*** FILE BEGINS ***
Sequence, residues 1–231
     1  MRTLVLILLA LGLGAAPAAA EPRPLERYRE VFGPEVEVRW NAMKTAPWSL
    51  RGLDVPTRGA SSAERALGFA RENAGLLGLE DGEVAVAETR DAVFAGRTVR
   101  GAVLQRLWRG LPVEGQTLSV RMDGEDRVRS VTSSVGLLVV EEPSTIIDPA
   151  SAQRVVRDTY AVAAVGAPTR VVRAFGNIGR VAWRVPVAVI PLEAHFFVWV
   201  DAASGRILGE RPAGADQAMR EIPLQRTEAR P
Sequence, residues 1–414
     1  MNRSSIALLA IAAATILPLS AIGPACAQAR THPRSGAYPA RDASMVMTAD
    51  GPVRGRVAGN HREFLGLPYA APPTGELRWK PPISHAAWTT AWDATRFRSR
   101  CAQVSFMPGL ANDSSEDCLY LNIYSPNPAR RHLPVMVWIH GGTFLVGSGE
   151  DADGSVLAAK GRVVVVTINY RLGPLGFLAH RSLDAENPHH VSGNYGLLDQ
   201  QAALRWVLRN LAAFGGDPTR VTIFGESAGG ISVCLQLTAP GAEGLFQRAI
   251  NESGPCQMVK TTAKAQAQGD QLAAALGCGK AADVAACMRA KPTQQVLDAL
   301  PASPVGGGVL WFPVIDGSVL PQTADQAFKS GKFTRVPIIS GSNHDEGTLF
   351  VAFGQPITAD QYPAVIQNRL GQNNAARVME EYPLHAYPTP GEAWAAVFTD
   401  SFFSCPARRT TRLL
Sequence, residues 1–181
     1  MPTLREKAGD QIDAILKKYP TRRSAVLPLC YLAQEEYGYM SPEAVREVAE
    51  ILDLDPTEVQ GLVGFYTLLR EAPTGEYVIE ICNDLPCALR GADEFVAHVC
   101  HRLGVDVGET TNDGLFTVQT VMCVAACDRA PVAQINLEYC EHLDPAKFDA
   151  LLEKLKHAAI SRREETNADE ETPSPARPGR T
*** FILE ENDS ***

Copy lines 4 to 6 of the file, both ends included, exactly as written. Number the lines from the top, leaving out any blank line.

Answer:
   101  GAVLQRLWRG LPVEGQTLSV RMDGEDRVRS VTSSVGLLVV EEPSTIIDPA
   151  SAQRVVRDTY AVAAVGAPTR VVRAFGNIGR VAWRVPVAVI PLEAHFFVWV
   201  DAASGRILGE RPAGADQAMR EIPLQRTEAR P